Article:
Manchester, England Has Shut Down 660 Parties During Stay At Home Orders

Greater Manchester Police has warned people not to breach lockdown rules over Easter after it had to break up 660 parties during the pandemic.

Chief Constable Ian Hopkins said “each and every one of us need take this seriously”. 

There were 1,132 coronavirus-related breaches reported between 25 March and 7 April, the force said.

That included 494 house parties – some with DJs, fireworks and bouncy castles – and 166 street parties.

Courtesy: Manchester Police

One woman in Bury became the first person in Greater Manchester to be charged under the Coronavirus Act 2020 after police had to repeatedly shut down one of the gatherings.

The force, which has released updated figures, also had to deal with 122 different groups gathering to play sports, 173 more gatherings in parks and 112 incidents of anti-social behaviour and public disorder.

Greater Manchester Mayor Andy Burnham said such behaviour was “completely unacceptable”.

“They are putting everybody at risk,” he said.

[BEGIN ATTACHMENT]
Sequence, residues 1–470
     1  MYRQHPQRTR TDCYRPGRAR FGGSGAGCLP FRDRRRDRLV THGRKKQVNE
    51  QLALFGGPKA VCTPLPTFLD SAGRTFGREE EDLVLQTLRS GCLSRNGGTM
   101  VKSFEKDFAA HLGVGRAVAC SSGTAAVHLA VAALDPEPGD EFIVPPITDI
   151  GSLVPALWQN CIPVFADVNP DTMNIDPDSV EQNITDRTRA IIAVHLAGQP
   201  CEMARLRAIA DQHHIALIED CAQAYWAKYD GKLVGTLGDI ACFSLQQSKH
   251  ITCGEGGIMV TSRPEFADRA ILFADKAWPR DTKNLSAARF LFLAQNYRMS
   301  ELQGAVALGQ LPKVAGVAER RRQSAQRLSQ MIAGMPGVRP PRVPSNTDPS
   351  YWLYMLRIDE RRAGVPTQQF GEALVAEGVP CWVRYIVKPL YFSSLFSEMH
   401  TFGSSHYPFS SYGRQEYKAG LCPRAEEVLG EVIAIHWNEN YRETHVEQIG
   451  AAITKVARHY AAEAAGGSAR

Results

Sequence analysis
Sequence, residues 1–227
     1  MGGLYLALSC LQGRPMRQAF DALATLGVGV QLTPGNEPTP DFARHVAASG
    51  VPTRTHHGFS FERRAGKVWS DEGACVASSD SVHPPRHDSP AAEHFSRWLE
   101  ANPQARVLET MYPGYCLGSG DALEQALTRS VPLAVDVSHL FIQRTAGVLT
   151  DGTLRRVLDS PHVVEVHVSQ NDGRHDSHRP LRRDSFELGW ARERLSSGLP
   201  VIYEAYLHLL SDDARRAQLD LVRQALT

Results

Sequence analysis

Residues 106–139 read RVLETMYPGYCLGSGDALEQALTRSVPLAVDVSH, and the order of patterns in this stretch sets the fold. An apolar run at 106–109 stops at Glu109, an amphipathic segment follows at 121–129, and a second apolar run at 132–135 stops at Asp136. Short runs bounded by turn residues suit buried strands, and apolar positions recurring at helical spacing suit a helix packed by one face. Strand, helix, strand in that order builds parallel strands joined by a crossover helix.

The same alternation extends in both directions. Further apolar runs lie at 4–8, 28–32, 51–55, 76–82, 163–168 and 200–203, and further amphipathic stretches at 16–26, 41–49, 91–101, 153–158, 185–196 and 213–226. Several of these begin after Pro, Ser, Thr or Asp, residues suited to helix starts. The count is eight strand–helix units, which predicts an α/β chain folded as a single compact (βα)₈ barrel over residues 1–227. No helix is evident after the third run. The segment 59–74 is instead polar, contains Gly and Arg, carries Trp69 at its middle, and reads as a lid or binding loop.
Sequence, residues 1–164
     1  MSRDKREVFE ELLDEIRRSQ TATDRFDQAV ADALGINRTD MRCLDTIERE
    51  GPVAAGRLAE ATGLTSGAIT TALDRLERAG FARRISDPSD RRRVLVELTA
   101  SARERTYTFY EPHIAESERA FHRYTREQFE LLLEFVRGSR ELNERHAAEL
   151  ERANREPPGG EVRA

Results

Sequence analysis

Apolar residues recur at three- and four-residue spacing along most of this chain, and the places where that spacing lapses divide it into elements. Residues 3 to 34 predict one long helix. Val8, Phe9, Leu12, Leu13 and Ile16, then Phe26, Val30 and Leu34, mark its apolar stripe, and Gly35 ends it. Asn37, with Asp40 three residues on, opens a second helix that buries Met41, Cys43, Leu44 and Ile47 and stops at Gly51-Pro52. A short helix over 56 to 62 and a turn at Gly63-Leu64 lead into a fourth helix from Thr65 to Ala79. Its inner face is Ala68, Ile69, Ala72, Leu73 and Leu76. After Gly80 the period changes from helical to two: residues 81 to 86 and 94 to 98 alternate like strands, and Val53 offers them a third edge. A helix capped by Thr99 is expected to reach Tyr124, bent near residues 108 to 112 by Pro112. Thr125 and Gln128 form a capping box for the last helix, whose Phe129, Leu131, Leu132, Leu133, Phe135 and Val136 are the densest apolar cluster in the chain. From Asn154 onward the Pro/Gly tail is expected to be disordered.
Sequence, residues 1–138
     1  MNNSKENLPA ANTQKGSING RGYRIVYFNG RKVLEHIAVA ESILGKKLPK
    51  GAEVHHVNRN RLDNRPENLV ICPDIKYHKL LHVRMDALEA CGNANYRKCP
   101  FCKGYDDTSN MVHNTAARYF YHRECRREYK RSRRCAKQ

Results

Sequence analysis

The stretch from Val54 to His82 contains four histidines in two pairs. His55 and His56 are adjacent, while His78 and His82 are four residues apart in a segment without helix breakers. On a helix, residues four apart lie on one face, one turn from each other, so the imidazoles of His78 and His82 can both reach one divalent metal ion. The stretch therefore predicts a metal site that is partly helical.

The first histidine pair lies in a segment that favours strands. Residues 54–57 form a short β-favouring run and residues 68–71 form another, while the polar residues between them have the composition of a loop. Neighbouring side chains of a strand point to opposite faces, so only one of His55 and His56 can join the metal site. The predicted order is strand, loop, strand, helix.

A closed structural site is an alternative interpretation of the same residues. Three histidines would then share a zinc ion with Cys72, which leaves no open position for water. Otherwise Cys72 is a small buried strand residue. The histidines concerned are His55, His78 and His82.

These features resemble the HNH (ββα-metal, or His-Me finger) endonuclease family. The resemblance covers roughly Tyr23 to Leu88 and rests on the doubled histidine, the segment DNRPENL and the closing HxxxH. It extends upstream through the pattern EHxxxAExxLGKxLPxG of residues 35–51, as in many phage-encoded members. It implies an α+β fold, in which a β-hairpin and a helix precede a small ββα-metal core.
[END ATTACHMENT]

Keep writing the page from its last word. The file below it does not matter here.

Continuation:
“The vast majority of people in Greater Manchester are observing the guidelines, but we cannot have a situation where we’ve got people flouting the rules.

“If you are going out and about you are putting at risk the most vulnerable members of our community and you need to have a good hard look at yourself.”

Chief Constable Ian Hopkins
Manchester Chief Constable – Ian Hopkins

The region’s deputy mayor for policing and crime, Beverley Hughes, said the number coronavirus-related incidents had risen considerably.

Officers responded to about 500 callouts a day last weekend, she said.

However, she said calls for enforcement for businesses not complying with the rules had fallen.

Mr Hopkins said: “We understand the desire people will have to spend time with family and friends over the Easter period, however it is vital that we follow the government guidelines.”

“The single most important action we can take in fighting coronavirus is to stay at home in order to save lives.”

H/T BBC

Erik Lake

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